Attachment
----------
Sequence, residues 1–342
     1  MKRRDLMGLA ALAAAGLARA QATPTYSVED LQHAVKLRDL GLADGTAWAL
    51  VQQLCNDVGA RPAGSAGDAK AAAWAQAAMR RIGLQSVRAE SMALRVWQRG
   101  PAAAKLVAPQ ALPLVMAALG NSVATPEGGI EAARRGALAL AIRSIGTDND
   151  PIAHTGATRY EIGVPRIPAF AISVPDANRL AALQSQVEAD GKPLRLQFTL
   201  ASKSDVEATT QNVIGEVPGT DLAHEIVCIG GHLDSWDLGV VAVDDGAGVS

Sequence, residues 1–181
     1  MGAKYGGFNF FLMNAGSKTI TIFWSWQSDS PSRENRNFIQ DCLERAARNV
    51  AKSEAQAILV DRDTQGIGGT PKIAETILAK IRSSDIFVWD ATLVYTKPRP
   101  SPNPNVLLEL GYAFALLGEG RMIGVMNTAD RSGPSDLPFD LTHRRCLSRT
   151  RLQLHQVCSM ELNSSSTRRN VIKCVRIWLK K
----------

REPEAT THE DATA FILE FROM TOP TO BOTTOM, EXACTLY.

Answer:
Sequence, residues 1–342
     1  MKRRDLMGLA ALAAAGLARA QATPTYSVED LQHAVKLRDL GLADGTAWAL
    51  VQQLCNDVGA RPAGSAGDAK AAAWAQAAMR RIGLQSVRAE SMALRVWQRG
   101  PAAAKLVAPQ ALPLVMAALG NSVATPEGGI EAARRGALAL AIRSIGTDND
   151  PIAHTGATRY EIGVPRIPAF AISVPDANRL AALQSQVEAD GKPLRLQFTL
   201  ASKSDVEATT QNVIGEVPGT DLAHEIVCIG GHLDSWDLGV VAVDDGAGVS

Sequence, residues 1–181
     1  MGAKYGGFNF FLMNAGSKTI TIFWSWQSDS PSRENRNFIQ DCLERAARNV
    51  AKSEAQAILV DRDTQGIGGT PKIAETILAK IRSSDIFVWD ATLVYTKPRP
   101  SPNPNVLLEL GYAFALLGEG RMIGVMNTAD RSGPSDLPFD LTHRRCLSRT
   151  RLQLHQVCSM ELNSSSTRRN VIKCVRIWLK K